At the moment the only platform that allows for split sales between more than two accounts is Mintbase on NEAR. Having moved their entire site over from Ethereum they have recently re-launched the platform and now offer artists the option to split a contract between up to 20 different wallets. NEAR also has the ability to bridge assets over to Ethereum via their Rainbow Bridge and at some point in the future this will also include NFT standard tokens. So we hope that eventually our artworks will be able to move easily between chains. You can already visit our storefront here:
While waiting for Mintbase to launch on NEAR we spent time researching charities and NGOs that were crypto native and related to mental health. During our search we came across LogOut, an NGO based in Slovenia who are helping young people and families deal with digital addictions and providing free mental health services related to these issues. They also support crypto traders and those coping with the pressures of market speculation. You can visit their website here:
Digging a bit deeper we discovered they even have their own store on Opensea selling NFT artworks to raise funds for their services, at this point we knew we’d found the right match for our collaboration. Check out their store on Opensea here:
After getting in touch with LogOut and explaining our plans for “RFxHH” we are very pleased to say that LogOut are fully onboard and happy to be a part of the second phase of this collaboration.
HH: Boris from LogOut is a lovely guy and also an avid art collector. During our initial conversation over zoom, as we learned more about each other, about the artwork, our plans and about LogOut and their work we started to feel like this was meant to be.
6) Can you tell us more about LogOut and the mental health services they provide?
RF & HH: We had a great call with Boris from LogOut and he said he’d be happy to contribute to this article in his own words, so we’ll let him explain more about what they do…
Founded in 2011, LogOut is an NGO working in a field of mental health dedicated to improving digital wellbeing of all people, especially youngsters, by providing treatment, help, information, education and raising awareness on balanced, safe and healthy use of media and technology. We are a group of tech, e-sport, crypto enthusiasts from different backgrounds (psychologists, social workers, social pedagogics, developers, former geeks and video gamers, some of us also parents, who really understand interactive online environments including crypto space and importance of influence of technology on one’s behaviour.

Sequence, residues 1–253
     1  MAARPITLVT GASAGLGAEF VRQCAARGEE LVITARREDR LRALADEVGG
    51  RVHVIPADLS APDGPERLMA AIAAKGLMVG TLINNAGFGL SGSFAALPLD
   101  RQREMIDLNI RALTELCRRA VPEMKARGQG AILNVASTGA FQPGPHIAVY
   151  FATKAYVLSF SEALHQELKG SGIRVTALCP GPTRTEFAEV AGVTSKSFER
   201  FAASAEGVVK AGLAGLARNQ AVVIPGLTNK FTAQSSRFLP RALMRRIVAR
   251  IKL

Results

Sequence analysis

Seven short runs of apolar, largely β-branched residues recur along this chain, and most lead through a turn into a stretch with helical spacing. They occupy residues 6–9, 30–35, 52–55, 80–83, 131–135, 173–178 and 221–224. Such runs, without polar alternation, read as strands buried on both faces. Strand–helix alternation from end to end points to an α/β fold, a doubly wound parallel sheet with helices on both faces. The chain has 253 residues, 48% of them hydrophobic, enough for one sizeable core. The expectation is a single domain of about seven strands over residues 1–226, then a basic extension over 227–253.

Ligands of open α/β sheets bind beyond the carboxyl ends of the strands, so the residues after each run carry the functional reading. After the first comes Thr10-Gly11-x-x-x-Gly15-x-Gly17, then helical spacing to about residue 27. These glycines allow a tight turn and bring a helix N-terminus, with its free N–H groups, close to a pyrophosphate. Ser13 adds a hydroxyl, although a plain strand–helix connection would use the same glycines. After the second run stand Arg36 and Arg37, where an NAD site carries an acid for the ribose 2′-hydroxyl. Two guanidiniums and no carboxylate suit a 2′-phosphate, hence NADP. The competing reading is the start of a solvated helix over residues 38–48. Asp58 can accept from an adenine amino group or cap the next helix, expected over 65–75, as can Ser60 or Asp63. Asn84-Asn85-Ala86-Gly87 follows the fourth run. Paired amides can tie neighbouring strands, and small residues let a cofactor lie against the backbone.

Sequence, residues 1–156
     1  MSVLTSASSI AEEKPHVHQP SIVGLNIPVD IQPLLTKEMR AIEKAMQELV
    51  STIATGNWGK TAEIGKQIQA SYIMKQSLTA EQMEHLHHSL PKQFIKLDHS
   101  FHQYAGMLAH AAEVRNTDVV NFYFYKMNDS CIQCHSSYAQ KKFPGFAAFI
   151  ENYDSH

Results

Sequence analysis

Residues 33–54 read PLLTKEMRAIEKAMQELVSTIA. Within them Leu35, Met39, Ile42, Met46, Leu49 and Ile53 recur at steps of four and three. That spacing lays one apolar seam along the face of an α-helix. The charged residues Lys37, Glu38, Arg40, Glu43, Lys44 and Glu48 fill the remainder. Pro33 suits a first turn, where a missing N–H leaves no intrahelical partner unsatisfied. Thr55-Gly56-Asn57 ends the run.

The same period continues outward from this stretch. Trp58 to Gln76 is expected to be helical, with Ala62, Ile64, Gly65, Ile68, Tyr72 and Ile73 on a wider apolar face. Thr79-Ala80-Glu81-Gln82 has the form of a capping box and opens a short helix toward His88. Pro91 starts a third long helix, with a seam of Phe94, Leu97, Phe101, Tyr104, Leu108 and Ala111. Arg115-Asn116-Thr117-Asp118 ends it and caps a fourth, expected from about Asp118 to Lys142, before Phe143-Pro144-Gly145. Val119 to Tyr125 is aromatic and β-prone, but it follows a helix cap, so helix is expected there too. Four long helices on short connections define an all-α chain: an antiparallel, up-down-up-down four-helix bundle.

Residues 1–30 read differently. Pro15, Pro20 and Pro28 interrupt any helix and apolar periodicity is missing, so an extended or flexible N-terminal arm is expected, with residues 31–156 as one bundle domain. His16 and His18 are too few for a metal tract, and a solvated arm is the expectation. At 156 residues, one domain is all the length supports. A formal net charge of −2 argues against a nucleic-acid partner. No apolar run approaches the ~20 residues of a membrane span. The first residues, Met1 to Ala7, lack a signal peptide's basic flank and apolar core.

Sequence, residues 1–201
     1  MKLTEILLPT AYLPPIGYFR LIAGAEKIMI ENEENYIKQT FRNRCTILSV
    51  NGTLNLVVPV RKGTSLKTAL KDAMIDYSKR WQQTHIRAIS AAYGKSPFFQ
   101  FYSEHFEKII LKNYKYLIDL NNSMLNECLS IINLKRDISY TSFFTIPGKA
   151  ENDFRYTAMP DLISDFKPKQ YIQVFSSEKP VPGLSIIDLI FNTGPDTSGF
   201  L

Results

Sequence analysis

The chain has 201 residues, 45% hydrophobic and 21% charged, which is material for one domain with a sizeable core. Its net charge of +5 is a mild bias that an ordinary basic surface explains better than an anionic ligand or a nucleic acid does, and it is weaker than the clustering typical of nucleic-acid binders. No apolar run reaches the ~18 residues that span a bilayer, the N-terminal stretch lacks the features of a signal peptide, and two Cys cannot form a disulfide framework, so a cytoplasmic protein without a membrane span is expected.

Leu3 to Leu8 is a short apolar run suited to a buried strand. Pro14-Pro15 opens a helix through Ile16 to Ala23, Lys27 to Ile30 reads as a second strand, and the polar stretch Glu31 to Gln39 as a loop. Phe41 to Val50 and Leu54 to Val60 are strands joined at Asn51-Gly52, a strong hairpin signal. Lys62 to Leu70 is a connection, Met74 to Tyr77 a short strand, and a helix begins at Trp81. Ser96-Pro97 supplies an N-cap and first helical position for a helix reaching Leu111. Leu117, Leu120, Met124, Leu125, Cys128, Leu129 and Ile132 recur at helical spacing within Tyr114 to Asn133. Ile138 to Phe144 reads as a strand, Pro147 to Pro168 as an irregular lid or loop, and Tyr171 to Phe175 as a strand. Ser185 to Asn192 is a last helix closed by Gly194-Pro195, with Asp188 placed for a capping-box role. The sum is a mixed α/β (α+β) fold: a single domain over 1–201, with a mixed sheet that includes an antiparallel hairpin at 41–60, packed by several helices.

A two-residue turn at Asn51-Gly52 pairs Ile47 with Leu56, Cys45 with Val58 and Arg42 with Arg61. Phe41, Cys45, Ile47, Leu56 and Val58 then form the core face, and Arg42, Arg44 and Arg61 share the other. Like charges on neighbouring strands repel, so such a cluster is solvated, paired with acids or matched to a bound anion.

Within a wide range of services we mostly provide face to face psychological treatment, help and support to excessive video gamers, compulsive crypto traders, with signs of addiction, young streamers and social media influencers, who hardly cope with big audience pressure, and children victims of all sorts of online abuse. We provide individual and group sessions. Due to COVID-19 restrictions mental health issues significantly evolved especially among the young population. This is where LogOut and similar organisations with their passion, empathy, agile and unique approaches provide a really effective, safe and healthy environment for those in need. LogOut is also involved in promoting mental health within different online communities. Our motto is quite simple: A bit of help for big changes!
7) Thanks for talking to us, any other projects or artists that you want to shout out?
RF: I am currently working on two separate collaborations with two amazing artists; Barbara Tosti (@spacedivers) and Nigel (@liminallogic). Both of these projects will be launching on Mintbase soon as well and I am excited to show people what they involve. Shoutout to @barbarabezina, another wonderful artist who I collaborated with last year and also to @metageistvr, @volt_edge and @roberthouseart for their support when I was still newly into cryptoart.
HH: Also would like shout out Metageist and Volt edge, my first cryptoart buddies. Sutu who’s inspired me to make more VR art which lead me into cryptoart. Olta are doing some really cool things with their new cryptoart platform.
I’m keen to collaborate with new folks if anyone feels interested in working with me.
Written by Feature artists. Prepared for publication by Benny Steele